During his recent US visit, lyonchoen solicited and received funds for the Bhutan for Life initiative
Conservation: Bhutan’s biggest ever project for environment conservation, worth more than USD 80M (million) will be launched in December and run for the next 15 years.
Bhutan for Life, an initiative targeted at improving conservation of the country’s protected areas, seeks to create and pump in at least USD 10M annually to manage the parks and biological corridors.
Prime Minister Tshering Tobgay said while the country was doing its best to conserve the environment, it was not enough. “We need enhanced revenue now in the form of a fund,” he said.
Lyonchoen Tshering Tobgay has returned from his 10-day trip to the United States a happy man. There is every reason to be so.
He visited the US to promote the Bhutan for Life initiative and solicit funds to make that happen. At the end of the visit, Bhutan’s partners in this noble initiative, philanthropists and multinational corporations, together have already committed USD 40 million.
With the enactment of the Child Adoption Act of Bhutan, 2012, the process has been streamlined
NCWC: At least seven children were given for domestic and international adoption annually in the last eight years, records with the National Commission for Women and Children (NCWC) show.
Last year saw the highest number of babies given for domestic adoptions at 12, followed by 10 in 2008, and eight each in 2011 and 2013. Seven children were adopted in 2012, four in 2010, five in 2007 and two in 2009.
Environment: Bhutan will join over 172 countries to observe the Earth Hour today to unite people in addressing issues of climate change.
World Wildlife Fund (WWF) Bhutan, in collaboration with the Green Bhutan project, department of forest and park services and Thimphu thromde will inaugurate the Earth Hour garden in Zilukha. Student volunteers of Royal Thimphu College and Zilukha middle secondary school will plant tree saplings in the Earth Hour garden together with officials.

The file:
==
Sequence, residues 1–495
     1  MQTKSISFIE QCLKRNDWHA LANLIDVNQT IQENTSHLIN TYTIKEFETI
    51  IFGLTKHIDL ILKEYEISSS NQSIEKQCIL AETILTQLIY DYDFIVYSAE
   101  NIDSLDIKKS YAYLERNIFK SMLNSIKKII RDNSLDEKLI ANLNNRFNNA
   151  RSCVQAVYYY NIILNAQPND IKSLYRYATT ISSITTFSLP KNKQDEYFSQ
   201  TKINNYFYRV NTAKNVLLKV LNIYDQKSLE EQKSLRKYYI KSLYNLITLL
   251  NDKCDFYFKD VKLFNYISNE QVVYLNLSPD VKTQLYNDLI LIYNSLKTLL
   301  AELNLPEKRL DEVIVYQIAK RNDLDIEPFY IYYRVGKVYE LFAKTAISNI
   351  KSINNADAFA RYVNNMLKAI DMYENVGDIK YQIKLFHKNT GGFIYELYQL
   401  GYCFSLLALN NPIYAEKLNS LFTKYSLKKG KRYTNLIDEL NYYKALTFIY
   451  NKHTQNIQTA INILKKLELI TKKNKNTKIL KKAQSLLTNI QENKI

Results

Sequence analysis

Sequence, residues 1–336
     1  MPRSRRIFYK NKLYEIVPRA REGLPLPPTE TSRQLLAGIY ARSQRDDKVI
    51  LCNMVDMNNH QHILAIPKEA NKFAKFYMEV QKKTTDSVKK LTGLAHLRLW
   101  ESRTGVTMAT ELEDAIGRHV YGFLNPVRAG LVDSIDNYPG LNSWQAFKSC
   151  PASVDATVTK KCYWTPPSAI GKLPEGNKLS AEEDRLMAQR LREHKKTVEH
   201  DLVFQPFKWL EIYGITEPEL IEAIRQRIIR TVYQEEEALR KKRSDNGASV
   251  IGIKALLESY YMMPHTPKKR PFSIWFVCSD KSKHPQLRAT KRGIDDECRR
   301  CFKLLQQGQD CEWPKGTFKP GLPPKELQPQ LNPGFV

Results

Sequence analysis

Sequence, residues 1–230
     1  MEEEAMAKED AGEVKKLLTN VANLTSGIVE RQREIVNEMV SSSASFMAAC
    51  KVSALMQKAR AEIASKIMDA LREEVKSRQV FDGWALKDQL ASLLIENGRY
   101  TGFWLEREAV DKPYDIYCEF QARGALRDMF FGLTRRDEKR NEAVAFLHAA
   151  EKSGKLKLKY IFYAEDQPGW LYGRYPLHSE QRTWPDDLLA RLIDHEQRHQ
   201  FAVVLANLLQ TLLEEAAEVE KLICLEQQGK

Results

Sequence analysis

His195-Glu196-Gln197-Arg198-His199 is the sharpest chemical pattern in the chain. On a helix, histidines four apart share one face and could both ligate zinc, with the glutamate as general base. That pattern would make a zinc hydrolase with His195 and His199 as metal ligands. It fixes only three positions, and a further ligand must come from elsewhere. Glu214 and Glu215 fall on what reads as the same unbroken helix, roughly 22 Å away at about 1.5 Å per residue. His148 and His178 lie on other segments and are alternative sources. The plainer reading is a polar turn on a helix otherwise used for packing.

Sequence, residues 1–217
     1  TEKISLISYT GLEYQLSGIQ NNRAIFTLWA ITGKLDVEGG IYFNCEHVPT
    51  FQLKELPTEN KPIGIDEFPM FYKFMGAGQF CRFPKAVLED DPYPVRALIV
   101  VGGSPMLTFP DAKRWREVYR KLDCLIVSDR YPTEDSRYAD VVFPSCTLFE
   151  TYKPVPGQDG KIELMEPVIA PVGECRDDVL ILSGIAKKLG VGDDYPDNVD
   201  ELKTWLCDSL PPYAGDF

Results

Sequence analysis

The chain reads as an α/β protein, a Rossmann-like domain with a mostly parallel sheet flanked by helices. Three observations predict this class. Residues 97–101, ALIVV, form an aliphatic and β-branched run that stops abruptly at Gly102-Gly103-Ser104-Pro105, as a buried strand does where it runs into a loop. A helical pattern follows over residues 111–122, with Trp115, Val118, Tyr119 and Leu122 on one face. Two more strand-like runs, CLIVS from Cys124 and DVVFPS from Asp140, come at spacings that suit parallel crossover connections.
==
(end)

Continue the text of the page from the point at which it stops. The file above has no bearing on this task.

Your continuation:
Dzongkhag officials, local leaders and the business community came together on March 26 to make Bumthang an exemplary town by setting a record in cleanliness. Themed “A Tribute to K4, Let Us Adopt R4”, the mass cleaning campaign which will be an annual event was held for the upcoming three day Peling Tshechu at Lingka, Wangdicholing Palace.
The people of Bumthang have come up with a R4 strategy -reduce, reuse, recycle and refuse to achieve their target of making the tourist hotspot as exemplary town.
Road: Following delayed release of funds, the Gomphu-Panbang highway could miss its 2016 deadline according to the Department of Roads (DoR) regional office in Tingtibi
“Gomphu-Panbang could probably miss its 2016 deadline by one financial year, which was proposed earlier in June 2013 work plan,” DoR chief engineer, Pravat Rai said.
The chief engineer said that the road will now be completed only by 2017 after work slowed down following the delayed release of budget.
At an age when people are past retirement, Angay Mindu is busy rebuilding her quake-hit home
Profile: She is in the twilight of her life. The neat silver crop of hair, the weather-beaten face and sagging eyelids tell it all that Angay Mindu has lived her life.
At 80 years old, she should have retired to a life of prayers or to the comforts of her children and grandchildren, but Mindu, popularly known as Angay Jala to the locals of Sergithang in Tsirang, is still trying to make her old and lonely life comfortable.
Rabilal Acharja from Chuzagang, Gelephu is the go-to guy to help out in these affairs
Gelephu: It was almost midnight when Rabilal Acharja received a phone call from his friend, last week.
Soon after the phone call, he was at the neighbour’s house to settle a fight between his friend’s daughter and her husband. He brought the wife to his home to prevent the husband from hitting her.
Resolving the issue of meat/alcohol during rituals and last rites will warrant popular support
Culture: Mongar dzongkhag tshogdu on March 26 decided to consult the people first on whether the use of meat and alcohol during rituals and funerals should be discontinued.
Drepong gup Sangay Tenzin raised the issue, saying that, irrespective of their economic status, everyone spent a lot on performing elaborate rituals for the dead, which have today become an expensive affair. “If the members agree, the decision would help the poor from spending on meat and alcohol,” he said.